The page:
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Universal service 'uneconomic'

The head of the Royal Mail has issued a stark warning that "cherry picking" from competitors threatens the future of the universal service, under which letters are posted anywhere in the country for the same price.

Chief executive Moya Greene told MPs that the universal service obligation (USO) cost £7.2 billion a year because of the high cost of delivering post to rural and remote areas of the UK.

She told the Business Select Committee that the USO was "essential" for most people, but it had a high fixed cost and needed internal subsidies to make the economics work.

"Low cost, high density areas are needed to cross subsidise suburbs and rural areas which are much higher cost.

"If you allow cherry picking you undermine the economics."

The decline in letter deliveries is running at 4-6% a year and competitors taking business off the Royal Mail in urban areas was making the USO "uneconomic", she said.

Officials from competitors Whistl and UK Mail denied they were cherry picking work, or that they threatened the universal service.

Union leaders echoed Ms Greene's warning about the future of the USO, blaming "unfair and unfettered" competition.

Dave Ward, deputy general secretary of the Communication Workers Union (CWU), told the MPs: "The sustainability of the USO faces its greatest threat."

As well as competition, postal workers were delivering to more and more addresses, while the number of letters was declining, he said.

Mr Ward added that unions could not understand why the regulator Ofcom was still to decide if it will bring forward a review of the USO from next year.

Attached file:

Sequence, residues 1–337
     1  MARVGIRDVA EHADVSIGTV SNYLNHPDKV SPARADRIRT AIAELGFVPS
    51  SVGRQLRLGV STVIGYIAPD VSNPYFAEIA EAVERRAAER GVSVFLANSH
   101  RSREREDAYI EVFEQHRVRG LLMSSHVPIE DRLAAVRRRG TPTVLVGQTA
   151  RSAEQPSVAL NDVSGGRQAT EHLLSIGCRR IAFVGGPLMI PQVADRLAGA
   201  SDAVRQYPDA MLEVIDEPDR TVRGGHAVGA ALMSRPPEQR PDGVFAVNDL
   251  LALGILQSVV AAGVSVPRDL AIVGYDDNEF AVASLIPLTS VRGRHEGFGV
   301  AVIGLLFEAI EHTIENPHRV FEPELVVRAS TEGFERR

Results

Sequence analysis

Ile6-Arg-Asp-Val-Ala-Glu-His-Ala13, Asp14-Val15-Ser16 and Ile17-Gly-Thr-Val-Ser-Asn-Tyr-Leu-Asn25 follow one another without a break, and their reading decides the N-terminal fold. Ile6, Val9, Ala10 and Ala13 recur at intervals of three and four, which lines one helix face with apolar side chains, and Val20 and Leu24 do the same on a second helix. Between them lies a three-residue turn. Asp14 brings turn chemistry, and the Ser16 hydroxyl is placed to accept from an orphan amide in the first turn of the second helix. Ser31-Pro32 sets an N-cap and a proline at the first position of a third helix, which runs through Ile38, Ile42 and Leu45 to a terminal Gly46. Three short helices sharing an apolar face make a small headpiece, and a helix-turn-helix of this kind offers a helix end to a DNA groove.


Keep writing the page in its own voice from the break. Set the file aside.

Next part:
CWU general secretary Billy Hayes said he wanted Royal Mail's competitors to publish their employees' pay and conditions so there was transparency across the industry.

Ms Greene also pressed Ofcom to bring forward the review, adding: "The risks of waiting are far greater than accelerating the review. Once revenues to support the universal service are siphoned off and lost it is difficult to retrieve."

Nick Wells, chief executive of Whistl, which delivers mail in some cities in direct competition to Royal Mail, told the committee he believed Royal Mail needed to modernise, improve efficiency and change its labour relations policy.

He admitted he employs some workers on zero hours contracts, but said contracts were a mixture of fixed and flexible.

Ms Greene replied that as part of modernising the business, thousands of jobs had been cut and 20 mail centres closed.

Committee chairman Adrian Bailey (Labour, West Bromwich West), summed up much of the evidence: "Royal Mail has to cross-subsidise its more expensive rural deliveries by the more lucrative urban areas that enables it to have a standard price across the country.

"The competition, and its increased market share in urban areas, will affect profitability and capacity to keep a standard price for stamps and the USO."

Ms Greene agreed.

Ofcom will be giving evidence to the committee on December 10.

At Prime Minister's Questions, Alan Reid (Lib Dem, Argyll and Bute) asked David Cameron to give an assurance he will "never allow the USO to be watered down in any way".

Mr Cameron replied: "I know how important the universal service obligation is, particularly in constituencies like yours that include so many islands and far flung communities. It's very important it's maintained."

Shadow trade and investment minister Ian Murray said: "This stark warning from the chief executive of Royal Mail will be deeply worrying for the millions of consumers and small businesses who rely on Royal Mail's six-day delivery and essential services.

"Labour warned that David Cameron's Royal Mail fire sale would put vital services at risk, and Moya Greene's evidence today has confirmed our worst fears. It comes after taxpayers were short-changed by hundreds of millions of pounds by the botched sale.

"Ministers urgently need to clarify what action they will take to secure the future of postal services following the mess created by their botched fire sale."

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